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Global Recovery Remains on Track... For Now

Theo Janse van Rensburg's picture

So far, the indications are that the global economic recovery remains on track and broadly in line with Global Economic Prospects (GEP) 2010 projections. In high income countries (HICs), the (annualized) Q-o-Q output rebound during the final quarter of 2009 has been particularly strong in the US (5.9 percent), Japan (4.6 percent) and Canada (5 percent). This has masked weaker growth performances in other (HICs) such as the UK (even as the 1.1 percent growth was the first positive number after six straight quarterly declines), Germany (back to zero growth), and Italy (-0.8 percent).

Within the East Asia and Pacific (EAP) region, the Chinese fiscal stimuli have been instrumental in the Chinese recovery, which started around mid-2009. This has spilled over to the rest of the region and growth has accelerated significantly towards the end of 2009, with growth particularly strong in Thailand and Malaysia.

In the Europe and Central Asia (ECA) region, growth remains weak with some countries recording a double-dip as growth fell back into negative territory. Latvia and Lithuania, for instance, recorded negative growth rates in the fourth quarter of last year. However, in the case of the latter, the slip into negative growth territory (-6.2 percent) is off a high base (24.3 percent) in the third quarter.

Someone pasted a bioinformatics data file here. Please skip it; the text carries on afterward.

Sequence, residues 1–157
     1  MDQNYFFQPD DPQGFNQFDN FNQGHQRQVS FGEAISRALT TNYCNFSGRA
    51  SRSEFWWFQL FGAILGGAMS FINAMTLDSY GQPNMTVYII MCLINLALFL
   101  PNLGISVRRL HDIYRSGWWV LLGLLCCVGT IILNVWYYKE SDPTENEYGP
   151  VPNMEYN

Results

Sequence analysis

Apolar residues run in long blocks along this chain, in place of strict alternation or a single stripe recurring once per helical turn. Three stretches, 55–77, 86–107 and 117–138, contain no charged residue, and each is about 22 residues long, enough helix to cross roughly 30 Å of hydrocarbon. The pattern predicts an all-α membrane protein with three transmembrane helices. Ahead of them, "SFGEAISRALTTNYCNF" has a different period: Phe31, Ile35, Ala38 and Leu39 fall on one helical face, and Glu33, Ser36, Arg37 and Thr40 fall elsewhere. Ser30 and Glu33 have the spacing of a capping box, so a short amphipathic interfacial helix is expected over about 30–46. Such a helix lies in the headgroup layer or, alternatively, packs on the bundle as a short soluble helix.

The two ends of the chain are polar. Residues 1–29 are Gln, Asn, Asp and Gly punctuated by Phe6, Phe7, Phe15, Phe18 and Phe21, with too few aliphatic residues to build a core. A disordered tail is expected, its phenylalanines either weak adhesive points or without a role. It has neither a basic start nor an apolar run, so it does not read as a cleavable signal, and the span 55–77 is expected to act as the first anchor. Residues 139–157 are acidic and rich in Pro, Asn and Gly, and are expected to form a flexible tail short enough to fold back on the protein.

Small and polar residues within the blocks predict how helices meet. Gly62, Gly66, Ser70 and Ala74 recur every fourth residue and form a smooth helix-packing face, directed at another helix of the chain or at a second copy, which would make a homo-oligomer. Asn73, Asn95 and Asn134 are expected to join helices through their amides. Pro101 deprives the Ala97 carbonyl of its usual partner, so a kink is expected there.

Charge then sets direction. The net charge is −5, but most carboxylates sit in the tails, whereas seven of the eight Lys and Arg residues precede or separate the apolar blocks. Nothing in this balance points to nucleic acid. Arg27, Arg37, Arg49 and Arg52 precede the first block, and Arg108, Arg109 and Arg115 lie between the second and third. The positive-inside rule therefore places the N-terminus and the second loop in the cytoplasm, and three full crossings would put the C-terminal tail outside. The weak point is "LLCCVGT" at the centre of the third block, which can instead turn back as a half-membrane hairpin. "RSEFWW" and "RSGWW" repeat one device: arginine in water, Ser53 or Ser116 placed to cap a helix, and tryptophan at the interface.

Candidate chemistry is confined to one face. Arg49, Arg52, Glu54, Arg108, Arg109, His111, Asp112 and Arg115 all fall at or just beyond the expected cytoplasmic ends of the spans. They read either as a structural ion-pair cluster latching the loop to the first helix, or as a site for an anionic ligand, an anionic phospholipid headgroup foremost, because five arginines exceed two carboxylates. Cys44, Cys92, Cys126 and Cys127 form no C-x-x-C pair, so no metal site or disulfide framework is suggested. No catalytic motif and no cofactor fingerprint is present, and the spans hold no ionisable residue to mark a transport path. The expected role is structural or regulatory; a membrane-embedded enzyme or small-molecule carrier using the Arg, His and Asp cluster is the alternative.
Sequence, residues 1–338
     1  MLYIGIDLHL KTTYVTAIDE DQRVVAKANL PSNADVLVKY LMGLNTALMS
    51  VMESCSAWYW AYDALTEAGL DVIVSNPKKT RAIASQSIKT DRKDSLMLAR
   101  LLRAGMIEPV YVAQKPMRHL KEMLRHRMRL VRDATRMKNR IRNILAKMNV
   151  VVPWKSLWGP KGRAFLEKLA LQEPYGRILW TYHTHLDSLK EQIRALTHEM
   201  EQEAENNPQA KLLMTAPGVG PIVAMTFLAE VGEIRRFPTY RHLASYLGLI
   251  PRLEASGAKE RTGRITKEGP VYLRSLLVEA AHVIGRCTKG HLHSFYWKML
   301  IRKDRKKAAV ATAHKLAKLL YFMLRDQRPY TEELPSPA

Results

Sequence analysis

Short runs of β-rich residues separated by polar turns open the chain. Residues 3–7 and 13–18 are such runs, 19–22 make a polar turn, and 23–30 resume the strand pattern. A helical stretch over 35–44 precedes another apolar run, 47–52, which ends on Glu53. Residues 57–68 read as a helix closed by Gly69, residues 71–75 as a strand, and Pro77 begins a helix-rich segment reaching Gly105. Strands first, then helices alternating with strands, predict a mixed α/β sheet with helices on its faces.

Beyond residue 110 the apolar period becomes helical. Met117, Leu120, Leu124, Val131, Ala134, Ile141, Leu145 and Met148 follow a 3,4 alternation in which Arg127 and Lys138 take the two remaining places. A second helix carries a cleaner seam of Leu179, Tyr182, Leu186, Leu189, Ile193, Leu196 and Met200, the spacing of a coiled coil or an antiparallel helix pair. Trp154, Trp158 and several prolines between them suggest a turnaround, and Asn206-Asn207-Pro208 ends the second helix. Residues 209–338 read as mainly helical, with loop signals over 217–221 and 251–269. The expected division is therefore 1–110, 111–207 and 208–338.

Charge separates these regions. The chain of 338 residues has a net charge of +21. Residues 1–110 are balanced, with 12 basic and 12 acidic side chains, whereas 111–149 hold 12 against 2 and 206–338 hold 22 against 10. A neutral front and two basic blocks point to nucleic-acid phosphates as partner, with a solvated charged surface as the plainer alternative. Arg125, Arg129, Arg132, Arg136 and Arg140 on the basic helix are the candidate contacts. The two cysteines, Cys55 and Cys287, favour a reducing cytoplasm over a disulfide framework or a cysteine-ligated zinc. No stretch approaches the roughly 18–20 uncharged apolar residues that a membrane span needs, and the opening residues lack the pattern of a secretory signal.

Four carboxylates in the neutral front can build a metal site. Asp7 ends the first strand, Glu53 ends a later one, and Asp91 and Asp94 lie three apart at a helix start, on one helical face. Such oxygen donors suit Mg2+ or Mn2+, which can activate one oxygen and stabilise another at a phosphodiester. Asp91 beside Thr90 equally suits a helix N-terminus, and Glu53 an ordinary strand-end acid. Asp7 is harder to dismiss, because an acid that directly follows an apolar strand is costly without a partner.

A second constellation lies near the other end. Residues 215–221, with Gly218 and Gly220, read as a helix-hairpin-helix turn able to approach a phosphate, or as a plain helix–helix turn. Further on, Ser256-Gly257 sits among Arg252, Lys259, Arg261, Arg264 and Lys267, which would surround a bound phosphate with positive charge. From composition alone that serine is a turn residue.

In Sub Saharan Africa, the gradual recovery in South Africa gained further momentum, but continued political uncertainty in Kenya shifted the country back into recession. In other developing countries, the lack of formal quarterly GDP data is hindering the assessment of economy-wide trends. But from the limited data available, it seems that the developing country recovery remains on track. For instance, developing country exports has risen by 20.3 percent in the year to December (nearly double the 11.5 percent increase registered in high income countries), while the developing country imports surged by 24 percent during the same period - reflective of surging domestic demand in emerging economies. Likewise, industrial production in developing countries has risen by 13.1 percent and with the exception of the Latin America and Caribbean (LAC) region, have registered double-digit growth rates.

Growth prospects are similarly differentiated. For ECA, as financial markets continue to assess the (relative) sustainability of debt and deficits around the globe, ongoing uncertainty will hamper recovery. For the HICs and EAP, a moderation in growth is expected during the course of 2010, as fiscal stimuli unwind and as the inventory cycle abates. Exceptionally bad weather conditions in some Northern Hemisphere countries may also be a drag on growth in the first quarter of 2010. Furthermore, given the high base created by the exceptionally strong recovery during the last few quarters, growth is expected to moderate in the coming quarters.

Finally, the data indicate that developing countries have been able to recover more quickly (and time will tell whether also in a more sustainable way), as they followed sounder economic policies, including better fiscal and regulatory discipline, going into the financial crisis.